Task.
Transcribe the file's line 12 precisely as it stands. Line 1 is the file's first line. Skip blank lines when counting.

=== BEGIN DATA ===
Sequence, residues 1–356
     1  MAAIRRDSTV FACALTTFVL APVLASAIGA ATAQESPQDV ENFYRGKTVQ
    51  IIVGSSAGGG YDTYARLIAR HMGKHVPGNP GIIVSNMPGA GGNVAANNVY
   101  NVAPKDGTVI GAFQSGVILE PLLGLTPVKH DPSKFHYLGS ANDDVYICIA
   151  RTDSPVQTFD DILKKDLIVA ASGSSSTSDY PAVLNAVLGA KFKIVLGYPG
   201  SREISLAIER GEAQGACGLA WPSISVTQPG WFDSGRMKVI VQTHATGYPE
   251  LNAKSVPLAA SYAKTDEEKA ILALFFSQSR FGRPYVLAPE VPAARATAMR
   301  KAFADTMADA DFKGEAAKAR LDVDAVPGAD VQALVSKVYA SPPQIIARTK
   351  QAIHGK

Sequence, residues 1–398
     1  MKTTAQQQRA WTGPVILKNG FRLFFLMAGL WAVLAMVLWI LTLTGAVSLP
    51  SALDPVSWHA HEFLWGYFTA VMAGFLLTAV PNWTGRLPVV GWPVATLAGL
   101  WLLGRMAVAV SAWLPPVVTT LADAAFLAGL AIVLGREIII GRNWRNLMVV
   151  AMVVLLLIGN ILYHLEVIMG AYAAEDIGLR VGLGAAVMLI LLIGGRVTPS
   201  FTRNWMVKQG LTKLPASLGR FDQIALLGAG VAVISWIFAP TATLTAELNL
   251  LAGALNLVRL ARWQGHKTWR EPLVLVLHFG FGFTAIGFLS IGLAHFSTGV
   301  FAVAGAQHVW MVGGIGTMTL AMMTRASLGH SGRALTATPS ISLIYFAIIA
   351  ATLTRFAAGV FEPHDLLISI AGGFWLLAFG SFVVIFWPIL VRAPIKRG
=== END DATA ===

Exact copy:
    51  SALDPVSWHA HEFLWGYFTA VMAGFLLTAV PNWTGRLPVV GWPVATLAGL